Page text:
India has reimposed lockdown for 15 million people as coronavirus cases surge.
“Full Lockdown from 19th for Chennai, Thiruvallur, Chengalpet & Kanchipuram districts,” the Tamil Nadu state government tweeted.
The ruling covers the city of Chennai and neighbouring districts and will be in place until the end of June.
India, home to 1.3 billion people, has gradually lifted a nationwide lockdown over the past few weeks despite new infections continuing to rise.
The number of coronavirus cases soared by more than 10,000 in one day on Saturday, making India the nation with the fourth largest number of cases in the world.
The country’s latest single-day spike of 10,956 saw India overtake the UK in number of cases.
Tamil Nadu, of which Chennai is the capital, is the second-worst hit state after Maharashtra. The southern state has recorded just over 44,000 cases out of a nationwide total of 332,424, according to official figures.
The news came as England lifted more lockdown restrictions on Monday, with non-essential shops opening and more pupils returning to school.
The World Health Organisation has warned that England’s lockdown should not be further lifted until the government’s contact-tracing system has proven to be “robust and effective”.
In an interview with The Guardian newspaper, Dr Hans Kluge, the WHO’s director for Europe, warned that the UK remained in a “very active phase of the pandemic”.
The government has admitted that thousands of people at risk of having COVID-19 didn’t say if they would self-isolate after being contacted by its coronavirus tracers.
Baroness Harding, the Tory peer in charge of Test and Trace, also said “a small minority don’t want to self-isolate”.
Boris Johnson said on Sunday that the falling numbers of coronavirus cases has given the government “more margin for manoeuvre” in easing the 2-metre physical distancing rule, but Kluge warned against Britain rushing into reopening the economy, warning of the potential for a second peak.
Fears of a second wave of COVID-19 infections shut six major food markets in Beijing on Friday, and six U.S. states said their hospital beds were filling up fast.
Health officials worldwide have warned that restrictions are being lifted too soon by countries keen to jumpstart their damaged economies.
Mass anti-racism protests, and demonstrations at the weekend organised to ‘guard’ against attack on monuments such as the Cenotaph and a statue of Windston Churchil in London, have provoked fears of a second wave in England.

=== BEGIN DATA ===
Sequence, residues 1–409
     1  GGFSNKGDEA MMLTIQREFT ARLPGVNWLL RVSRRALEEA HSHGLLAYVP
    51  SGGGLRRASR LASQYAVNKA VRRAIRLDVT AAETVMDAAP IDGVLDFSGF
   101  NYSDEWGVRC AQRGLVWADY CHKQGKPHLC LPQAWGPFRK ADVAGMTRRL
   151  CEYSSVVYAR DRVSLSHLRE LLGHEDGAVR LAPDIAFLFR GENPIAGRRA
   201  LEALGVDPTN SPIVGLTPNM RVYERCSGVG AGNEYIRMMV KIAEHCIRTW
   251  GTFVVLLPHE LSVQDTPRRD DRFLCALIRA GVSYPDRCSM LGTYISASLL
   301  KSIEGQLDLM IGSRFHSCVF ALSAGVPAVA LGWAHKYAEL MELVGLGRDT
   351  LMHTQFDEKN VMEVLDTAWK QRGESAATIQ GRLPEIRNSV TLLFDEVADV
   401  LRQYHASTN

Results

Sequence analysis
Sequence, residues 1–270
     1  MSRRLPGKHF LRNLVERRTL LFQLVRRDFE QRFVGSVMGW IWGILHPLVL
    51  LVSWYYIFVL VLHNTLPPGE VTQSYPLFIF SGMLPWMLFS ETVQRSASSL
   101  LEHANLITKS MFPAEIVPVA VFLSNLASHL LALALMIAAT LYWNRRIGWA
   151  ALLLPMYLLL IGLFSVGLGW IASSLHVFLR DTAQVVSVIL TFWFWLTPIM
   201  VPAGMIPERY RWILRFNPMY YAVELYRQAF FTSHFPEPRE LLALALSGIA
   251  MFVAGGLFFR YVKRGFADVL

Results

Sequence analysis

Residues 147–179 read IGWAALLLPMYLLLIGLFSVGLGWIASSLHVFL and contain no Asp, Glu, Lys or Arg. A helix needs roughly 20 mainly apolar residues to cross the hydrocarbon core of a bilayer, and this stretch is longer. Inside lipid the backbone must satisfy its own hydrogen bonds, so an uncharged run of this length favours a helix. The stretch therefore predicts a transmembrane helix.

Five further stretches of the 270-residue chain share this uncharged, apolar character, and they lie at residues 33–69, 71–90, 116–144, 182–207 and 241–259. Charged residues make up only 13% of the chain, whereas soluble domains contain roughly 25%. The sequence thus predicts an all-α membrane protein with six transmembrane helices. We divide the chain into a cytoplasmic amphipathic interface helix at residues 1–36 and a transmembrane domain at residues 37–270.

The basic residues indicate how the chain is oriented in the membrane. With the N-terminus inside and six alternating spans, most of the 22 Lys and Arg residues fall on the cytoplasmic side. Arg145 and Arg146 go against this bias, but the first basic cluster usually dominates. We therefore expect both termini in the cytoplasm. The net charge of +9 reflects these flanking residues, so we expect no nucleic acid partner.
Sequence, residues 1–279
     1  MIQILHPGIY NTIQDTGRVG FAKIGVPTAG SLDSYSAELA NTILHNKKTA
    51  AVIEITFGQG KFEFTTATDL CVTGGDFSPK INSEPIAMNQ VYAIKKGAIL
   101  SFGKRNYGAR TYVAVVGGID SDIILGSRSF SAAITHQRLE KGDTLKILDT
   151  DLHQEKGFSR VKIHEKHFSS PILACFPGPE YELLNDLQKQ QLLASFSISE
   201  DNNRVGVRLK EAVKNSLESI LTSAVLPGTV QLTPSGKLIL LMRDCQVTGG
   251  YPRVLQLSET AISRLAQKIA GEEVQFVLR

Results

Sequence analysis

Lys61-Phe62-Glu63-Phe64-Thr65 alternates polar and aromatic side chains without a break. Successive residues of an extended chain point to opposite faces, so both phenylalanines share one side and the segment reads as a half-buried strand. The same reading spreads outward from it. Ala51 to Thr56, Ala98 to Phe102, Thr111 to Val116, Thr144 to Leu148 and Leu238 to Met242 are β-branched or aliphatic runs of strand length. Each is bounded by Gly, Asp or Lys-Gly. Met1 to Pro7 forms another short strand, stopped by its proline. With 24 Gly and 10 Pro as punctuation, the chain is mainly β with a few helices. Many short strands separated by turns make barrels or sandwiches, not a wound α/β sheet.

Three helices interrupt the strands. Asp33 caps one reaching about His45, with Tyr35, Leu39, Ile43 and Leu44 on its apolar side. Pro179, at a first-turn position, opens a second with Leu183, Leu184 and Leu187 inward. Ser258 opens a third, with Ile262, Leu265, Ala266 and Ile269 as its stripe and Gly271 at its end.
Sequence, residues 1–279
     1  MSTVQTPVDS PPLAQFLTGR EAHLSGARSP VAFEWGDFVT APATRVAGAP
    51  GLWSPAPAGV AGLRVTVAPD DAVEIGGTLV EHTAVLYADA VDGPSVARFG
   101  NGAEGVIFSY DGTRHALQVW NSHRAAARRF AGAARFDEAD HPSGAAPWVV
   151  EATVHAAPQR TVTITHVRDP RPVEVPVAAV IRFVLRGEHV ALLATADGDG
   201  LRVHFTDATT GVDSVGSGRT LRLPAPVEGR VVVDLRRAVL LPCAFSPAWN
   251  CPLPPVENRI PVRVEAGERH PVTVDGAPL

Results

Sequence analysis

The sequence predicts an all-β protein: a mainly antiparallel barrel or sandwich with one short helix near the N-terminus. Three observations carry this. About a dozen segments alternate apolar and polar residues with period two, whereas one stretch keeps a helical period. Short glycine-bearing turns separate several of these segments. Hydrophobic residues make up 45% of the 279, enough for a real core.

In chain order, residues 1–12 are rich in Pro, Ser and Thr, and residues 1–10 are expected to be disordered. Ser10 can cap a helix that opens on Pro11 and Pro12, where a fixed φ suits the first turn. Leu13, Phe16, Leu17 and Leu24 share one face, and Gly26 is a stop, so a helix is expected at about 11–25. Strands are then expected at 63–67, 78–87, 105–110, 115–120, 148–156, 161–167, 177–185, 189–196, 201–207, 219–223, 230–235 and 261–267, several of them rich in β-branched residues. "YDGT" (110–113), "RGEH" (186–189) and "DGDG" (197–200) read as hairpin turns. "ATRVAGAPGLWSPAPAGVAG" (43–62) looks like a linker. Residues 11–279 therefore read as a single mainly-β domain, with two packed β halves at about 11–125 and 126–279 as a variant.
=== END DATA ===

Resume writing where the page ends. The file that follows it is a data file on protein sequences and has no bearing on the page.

The European Union's health commissioner Stella Kyriakides told EU members: "We must be ready to roll back relaxation of measures if needed.”
In China, where the virus is believed to have originated, two new cases of COVID-19 have been recorded in the capital, Beijing.
Authorities closed part or all of six big wholesale food markets that the two infected men had recently visited, but it is not known how they became infected.
Countries including Iran, Saudi Arabia, and Israel, have also reported second waves after lockdown restrictions were eased.
Spain saw daily COVID-19 cases double two days in a row last week, with Madrid and Catalonia, two of the hardest-hit regions, being home to more than half of the country's new cases, in the same week that the regions allowed indoor restaurants, bars and cinemas to begin operating.
The country’s chief epidemiologist said the outbreaks are under control but urged caution.
The British government has been accused of allowing coronavirus to spread by introducing lockdown too late.
Kluge added: “We know that early lockdowns saved lives and bought some time for the health system to be ready.
“But I would rather than instead of looking to the past, jump to the future and say that the question of lifting the lockdown is as important as going to the lockdown. The key words here are to do it gradually. Do it carefully.”
On Monday afternoon the UK had recorded 41,698 deaths from coronavirus.
Coronavirus: what happened today
Click here to sign up to the latest news, advice and information with our daily Catch-up newsletter
Read more about COVID-19
How to get a coronavirus test if you have symptoms
How easing of lockdown rules affects you
In pictures: How UK school classrooms could look in new normal
How public transport could look after lockdown
How our public spaces will change in the future